A Cool Story about Survival
How “ICE” protocol at Falmouth Hospital gave Mr. Betti back his life.
Thomas “Mike” Betti is like the proverbial cat with nine lives. In his 61 years, the Centerville man has survived a combat wound in Vietnam, a broken back, collapsed lung, serious bone infection, cardiac bypass surgery and a benign throat tumor.
But, on Jan. 8, 2009, Mr. Betti almost met his match.
During a tennis tournament at the Falmouth Sports Center, he dropped to the floor in cardiac arrest. Clinically dead, the odds of surviving were against him. Only about 5 percent of cardiac arrest patients survive, according to the American Heart Association.
But, Mr. Betti is here to tell the story, thanks in large part to Falmouth Hospital’s Therapeutic Hypothermia Program.
“Mr. Betti was comatose when he arrived in the Emergency Department, yet days later, was discharged completely intact from a neurological standpoint,” said Thomas Irvine, MD, Falmouth Hospital Intensivist and Director of the Therapeutic Hypothermia Program. “His was a dramatic save.”
The hospital’s Therapeutic Hypothermia, or “ICE,” protocol works by preventing the expected post-cardiac arrest fever that proves devastating to an injured brain. Even a minor rise over the normal body temperature can result in significant brain damage and eventual death, Dr. Irvine said.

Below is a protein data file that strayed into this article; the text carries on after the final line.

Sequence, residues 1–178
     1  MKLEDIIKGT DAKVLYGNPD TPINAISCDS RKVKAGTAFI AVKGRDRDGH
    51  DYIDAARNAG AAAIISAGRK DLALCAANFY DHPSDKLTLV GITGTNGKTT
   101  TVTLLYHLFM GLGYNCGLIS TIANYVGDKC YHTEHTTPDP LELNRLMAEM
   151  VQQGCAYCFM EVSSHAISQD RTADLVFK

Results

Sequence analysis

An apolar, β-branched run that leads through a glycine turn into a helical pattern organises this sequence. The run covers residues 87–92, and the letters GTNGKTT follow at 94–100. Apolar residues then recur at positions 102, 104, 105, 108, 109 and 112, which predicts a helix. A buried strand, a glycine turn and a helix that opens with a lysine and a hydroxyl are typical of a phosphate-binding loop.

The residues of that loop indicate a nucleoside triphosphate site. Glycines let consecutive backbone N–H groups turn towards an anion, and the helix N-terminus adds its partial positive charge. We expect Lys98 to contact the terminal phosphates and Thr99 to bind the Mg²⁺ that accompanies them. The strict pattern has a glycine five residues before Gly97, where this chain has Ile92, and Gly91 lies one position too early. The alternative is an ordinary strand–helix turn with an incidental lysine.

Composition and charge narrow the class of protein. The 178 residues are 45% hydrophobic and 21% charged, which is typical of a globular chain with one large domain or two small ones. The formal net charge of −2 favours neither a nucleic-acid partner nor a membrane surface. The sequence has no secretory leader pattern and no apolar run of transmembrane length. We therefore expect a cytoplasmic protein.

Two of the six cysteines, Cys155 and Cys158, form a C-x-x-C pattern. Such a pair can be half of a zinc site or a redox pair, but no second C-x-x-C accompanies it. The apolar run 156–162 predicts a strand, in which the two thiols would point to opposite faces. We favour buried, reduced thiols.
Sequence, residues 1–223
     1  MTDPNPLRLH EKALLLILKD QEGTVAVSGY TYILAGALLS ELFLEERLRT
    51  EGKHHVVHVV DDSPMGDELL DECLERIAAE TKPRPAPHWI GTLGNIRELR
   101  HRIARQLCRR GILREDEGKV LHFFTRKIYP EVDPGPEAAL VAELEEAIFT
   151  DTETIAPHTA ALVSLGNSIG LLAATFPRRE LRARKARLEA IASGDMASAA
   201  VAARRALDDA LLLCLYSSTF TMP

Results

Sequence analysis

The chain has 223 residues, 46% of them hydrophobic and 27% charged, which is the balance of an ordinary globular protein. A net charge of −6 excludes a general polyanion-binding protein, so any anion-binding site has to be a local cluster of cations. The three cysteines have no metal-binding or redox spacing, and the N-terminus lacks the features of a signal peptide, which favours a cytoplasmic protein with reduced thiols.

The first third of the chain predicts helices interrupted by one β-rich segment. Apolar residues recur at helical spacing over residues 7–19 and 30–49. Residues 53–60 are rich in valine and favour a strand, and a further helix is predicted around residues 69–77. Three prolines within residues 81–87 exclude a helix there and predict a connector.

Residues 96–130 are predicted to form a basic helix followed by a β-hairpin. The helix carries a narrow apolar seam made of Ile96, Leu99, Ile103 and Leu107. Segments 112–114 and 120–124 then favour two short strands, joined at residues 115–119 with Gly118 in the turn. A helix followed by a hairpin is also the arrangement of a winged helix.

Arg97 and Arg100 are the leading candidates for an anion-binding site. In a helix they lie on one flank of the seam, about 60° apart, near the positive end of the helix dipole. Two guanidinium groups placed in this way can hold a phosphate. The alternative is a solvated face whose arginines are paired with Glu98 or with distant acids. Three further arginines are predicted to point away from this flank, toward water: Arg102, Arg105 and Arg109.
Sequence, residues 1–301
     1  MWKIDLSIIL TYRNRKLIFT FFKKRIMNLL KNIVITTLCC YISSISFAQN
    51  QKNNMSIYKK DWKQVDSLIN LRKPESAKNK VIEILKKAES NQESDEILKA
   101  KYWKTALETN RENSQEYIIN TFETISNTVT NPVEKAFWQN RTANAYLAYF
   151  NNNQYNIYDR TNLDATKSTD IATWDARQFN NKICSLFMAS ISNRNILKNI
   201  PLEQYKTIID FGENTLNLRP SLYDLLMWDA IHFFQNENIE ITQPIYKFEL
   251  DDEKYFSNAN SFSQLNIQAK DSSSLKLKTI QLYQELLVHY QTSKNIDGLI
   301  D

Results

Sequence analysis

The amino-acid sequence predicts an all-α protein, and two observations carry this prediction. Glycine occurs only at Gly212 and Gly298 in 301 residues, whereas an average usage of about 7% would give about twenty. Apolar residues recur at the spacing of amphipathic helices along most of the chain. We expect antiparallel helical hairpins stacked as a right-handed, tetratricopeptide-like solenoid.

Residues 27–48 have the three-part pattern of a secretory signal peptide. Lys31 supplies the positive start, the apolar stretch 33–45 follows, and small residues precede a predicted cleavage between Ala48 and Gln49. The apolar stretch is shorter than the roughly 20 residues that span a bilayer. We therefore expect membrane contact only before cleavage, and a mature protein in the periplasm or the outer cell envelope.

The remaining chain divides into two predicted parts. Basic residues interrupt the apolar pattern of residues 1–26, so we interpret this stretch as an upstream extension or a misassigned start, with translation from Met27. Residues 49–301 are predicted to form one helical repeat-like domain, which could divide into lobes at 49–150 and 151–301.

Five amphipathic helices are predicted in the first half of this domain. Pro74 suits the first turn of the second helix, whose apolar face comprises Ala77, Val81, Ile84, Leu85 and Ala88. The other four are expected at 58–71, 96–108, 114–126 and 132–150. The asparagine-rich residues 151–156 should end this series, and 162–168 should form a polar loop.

The Arctic Sun Temperature Regulation System is the centerpiece of the hospital’s ICE program. The $30,000 computerized system was donated by the Falmouth Hospital Auxiliary in 2008. It allows for controlled cooling of the patient to 90 degrees Fahrenheit via a chilled fluid-filled body wrap. This is then followed by a slow controlled warming over the following 24 hours to the normal body temperature. The care is delivered by specially-trained Cardiologists, Intensivists and Critical Care Nurses.
Falmouth Hospital is one of just 225 of the nation’s more than 5,700 hospitals that have the ice therapy. Cape Cod Hospital has the program and the next closest service is in Boston.
Betti had a better chance of meaningful survival because CPR was begun immediately at the scene. Falmouth EMS paramedics defibrillated Mr. Betti to a survivable rhythm and transport to the hospital was quick. Cardiologist David Urbach, MD, was on scene upon Mr. Betti’s arrival to stabilize him to the best extent possible. Once identified as a successful cardiac resuscitation, the ICE protocol was started by delivering 40-degree F fluids over 30 minutes intravenously to initiate the cooling process.
Doctors originally told Betti’s long-time girlfriend, Cheri Reidl, that while he may not die, it was possible he would be left in a vegetative state. She and her 13-year-old son, Lucas, slept on the waiting room floor for five days, until they knew he was out of the woods.
Mr. Betti recovered fully and returned to his active lifestyle.